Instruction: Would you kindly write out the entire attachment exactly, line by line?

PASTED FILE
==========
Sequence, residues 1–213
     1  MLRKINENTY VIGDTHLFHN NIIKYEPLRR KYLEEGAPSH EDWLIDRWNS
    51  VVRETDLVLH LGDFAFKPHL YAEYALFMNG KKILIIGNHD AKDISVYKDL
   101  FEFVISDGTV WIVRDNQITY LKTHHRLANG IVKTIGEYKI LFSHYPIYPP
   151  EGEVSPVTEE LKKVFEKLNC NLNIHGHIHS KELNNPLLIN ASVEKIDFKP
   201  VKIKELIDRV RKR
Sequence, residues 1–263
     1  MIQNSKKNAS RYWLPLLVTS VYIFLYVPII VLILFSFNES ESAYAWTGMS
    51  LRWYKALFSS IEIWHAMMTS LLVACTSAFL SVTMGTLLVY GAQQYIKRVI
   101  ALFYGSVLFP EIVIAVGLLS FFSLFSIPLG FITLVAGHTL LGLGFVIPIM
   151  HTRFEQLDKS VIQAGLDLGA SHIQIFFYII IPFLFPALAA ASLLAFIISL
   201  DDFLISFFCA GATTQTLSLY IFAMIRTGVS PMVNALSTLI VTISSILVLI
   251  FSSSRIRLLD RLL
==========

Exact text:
Sequence, residues 1–213
     1  MLRKINENTY VIGDTHLFHN NIIKYEPLRR KYLEEGAPSH EDWLIDRWNS
    51  VVRETDLVLH LGDFAFKPHL YAEYALFMNG KKILIIGNHD AKDISVYKDL
   101  FEFVISDGTV WIVRDNQITY LKTHHRLANG IVKTIGEYKI LFSHYPIYPP
   151  EGEVSPVTEE LKKVFEKLNC NLNIHGHIHS KELNNPLLIN ASVEKIDFKP
   201  VKIKELIDRV RKR
Sequence, residues 1–263
     1  MIQNSKKNAS RYWLPLLVTS VYIFLYVPII VLILFSFNES ESAYAWTGMS
    51  LRWYKALFSS IEIWHAMMTS LLVACTSAFL SVTMGTLLVY GAQQYIKRVI
   101  ALFYGSVLFP EIVIAVGLLS FFSLFSIPLG FITLVAGHTL LGLGFVIPIM
   151  HTRFEQLDKS VIQAGLDLGA SHIQIFFYII IPFLFPALAA ASLLAFIISL
   201  DDFLISFFCA GATTQTLSLY IFAMIRTGVS PMVNALSTLI VTISSILVLI
   251  FSSSRIRLLD RLL